"And G‑d said to Abram: go to you…" (Gen. 12:1)

"No longer shall your name be Abram, but 'Abraham' shall be your name, for the father of many nations have I made you." (Ibid. 17:5)

Behold. Abram's (in Hebrew, "Avram") soul is on the level of "wisdom that is hidden from any perception", hence his name "Av Ram" - meaning "Lofty Father".

"Father", in general, refers to chochmah, the unarticulated flash of insight, since it is the progenitor of all thought, emotion and deed. "Lofty father", refers to chochmah, which is lofty and exalted, entirely beyond any perception. (See Zohar I:179b)

The completely hidden must be revealed…

Now the message of "Go to you…" is that this lofty level must descend so that it can be experienced by lower worlds and souls. The completely hidden must be revealed. This is a description not only of Abraham's journey but of the entire scheme of Creation in general and that of each soul.

How does this revelation take place? Firstly there must be the creation of lower realities. This is achieved through filtering, tzimtzum.

Light must be preceded by darkness, i.e. "…And it was evening then morning: one day." (Gen. 1:5)

In order to create "yesh", beings that experience a sense of independent existence, there must be "Evening" - darkness. This is followed by "Morning" - enlightenment. We then have a "yesh" that experiences "bitul", nullification, which allows for "Day One".

Unlike the other days which are described as second, third etc., the first day is called "Day One", alluding to the goal of Creation, where the oneness and uniqueness of G‑d is experienced by a nullified yesh. This is alluded to in the word "one", in Hebrew, "echad", which is made up of the letters alef, chet, and dalet. The chet and the dalet, numerically equivalent to eight and four respectively, allude to the universe: seven heavens and one earth, and the four corners of the world. The alef represents the Master (in Hebrew, "aluf") of the world. "Echad", then, means that all of the universe is one with G‑d, i.e., all of existence is merely an expression of Him. Echad implies a oneness despite the "presence" of otherness. (The word yachid, by contrast, means single or alone, alluding to a singularity that does not recognize otherness. See Tanya vol. 2.)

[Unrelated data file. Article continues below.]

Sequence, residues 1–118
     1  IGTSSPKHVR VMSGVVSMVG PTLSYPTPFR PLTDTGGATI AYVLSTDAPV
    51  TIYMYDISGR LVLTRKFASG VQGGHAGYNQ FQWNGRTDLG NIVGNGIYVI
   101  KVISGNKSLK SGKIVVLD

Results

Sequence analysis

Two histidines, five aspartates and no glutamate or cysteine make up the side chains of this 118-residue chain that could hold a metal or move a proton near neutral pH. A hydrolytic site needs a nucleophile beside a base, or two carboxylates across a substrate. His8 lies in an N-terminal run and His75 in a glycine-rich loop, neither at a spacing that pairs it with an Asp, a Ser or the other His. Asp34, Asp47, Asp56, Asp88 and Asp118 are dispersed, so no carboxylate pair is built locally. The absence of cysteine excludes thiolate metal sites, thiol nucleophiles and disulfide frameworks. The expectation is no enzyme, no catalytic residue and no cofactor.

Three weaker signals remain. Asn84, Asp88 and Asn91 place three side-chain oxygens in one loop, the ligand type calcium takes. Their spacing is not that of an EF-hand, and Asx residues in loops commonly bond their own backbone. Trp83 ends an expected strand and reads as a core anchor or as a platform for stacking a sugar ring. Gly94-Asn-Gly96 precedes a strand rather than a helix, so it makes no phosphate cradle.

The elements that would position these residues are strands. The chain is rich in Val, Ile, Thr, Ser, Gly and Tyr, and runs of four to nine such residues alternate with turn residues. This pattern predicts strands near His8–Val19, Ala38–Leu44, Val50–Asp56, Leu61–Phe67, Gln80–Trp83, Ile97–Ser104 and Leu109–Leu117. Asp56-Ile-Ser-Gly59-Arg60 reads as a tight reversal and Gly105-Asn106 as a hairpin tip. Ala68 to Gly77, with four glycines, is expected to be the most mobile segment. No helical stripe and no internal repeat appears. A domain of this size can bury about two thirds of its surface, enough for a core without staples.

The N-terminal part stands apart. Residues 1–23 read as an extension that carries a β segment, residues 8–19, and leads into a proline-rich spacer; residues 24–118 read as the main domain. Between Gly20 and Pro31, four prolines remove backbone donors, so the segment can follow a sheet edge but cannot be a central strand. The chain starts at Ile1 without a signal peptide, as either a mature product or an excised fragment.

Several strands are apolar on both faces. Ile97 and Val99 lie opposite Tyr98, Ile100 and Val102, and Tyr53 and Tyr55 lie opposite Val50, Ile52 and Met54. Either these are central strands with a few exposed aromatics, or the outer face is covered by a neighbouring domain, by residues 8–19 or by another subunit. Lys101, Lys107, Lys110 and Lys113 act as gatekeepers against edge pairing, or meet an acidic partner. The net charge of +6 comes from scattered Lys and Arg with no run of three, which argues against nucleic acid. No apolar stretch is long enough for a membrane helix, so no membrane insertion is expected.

The revelation, however, must be preceded by Circumcision, the removal of the foreskin of the heart. (see Deut. 10:16) In this way, the darkness is subdued so that the revelation can take place without the risk of its energy being siphoned by darkness.

Hence we read that after the circumcision, Abraham is called "Father of Nations". (Gen. 17:5) Why are The Nations suddenly mentioned at this point? "Nations" refers not only to the peoples of the world, but also to the elements of nature in general. This is because it was through the circumcision that Abraham experienced the revelation that would allow for the processing and elevation of nature.

With Abraham began the era of Tikun - rectification...

This began the process of elevation that would extend throughout history. As the Talmud says, Israel was exiled to the far corners of the world so that they would bring in converts. (Pesachim 87b, Zohar I:244a) This refers not only to human converts, but also to the "conversion" of the natural elements, food and drink etc., and their elevation to holiness.

Before Abraham, the world existed in a state of Tohu, chaos. The climate of the world was one of great intensity, which led to the "shattering of the vessels," the flood etc. With Abraham began the era of Tikun, rectification, where the fallen sparks of intense light are gradually elevated.

Ascent and Descent

So, in a sense, the transition from "Abram" to "Abraham" is a descent. Yet, this descent is initiated by the additional letter hei (in "Abraham") that he received, which is symbolic of revelation. For every descent and extension must be preceded by a great revelation.